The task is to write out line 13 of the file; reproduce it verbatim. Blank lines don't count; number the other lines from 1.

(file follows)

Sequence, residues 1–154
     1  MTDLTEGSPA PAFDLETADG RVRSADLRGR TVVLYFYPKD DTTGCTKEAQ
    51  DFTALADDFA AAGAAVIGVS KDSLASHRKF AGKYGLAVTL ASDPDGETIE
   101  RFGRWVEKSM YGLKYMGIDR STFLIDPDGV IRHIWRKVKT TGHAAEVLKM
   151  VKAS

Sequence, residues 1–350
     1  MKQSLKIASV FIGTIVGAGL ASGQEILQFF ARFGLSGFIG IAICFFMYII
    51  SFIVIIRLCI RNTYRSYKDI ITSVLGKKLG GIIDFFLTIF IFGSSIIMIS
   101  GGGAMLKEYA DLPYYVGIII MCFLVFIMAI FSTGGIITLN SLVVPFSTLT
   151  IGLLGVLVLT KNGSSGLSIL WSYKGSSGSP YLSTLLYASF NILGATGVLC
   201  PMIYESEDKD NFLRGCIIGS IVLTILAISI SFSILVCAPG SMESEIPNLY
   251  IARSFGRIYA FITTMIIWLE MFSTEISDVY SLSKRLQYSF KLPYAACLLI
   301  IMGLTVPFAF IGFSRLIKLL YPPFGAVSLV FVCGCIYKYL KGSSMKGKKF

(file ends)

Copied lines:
   301  IMGLTVPFAF IGFSRLIKLL YPPFGAVSLV FVCGCIYKYL KGSSMKGKKF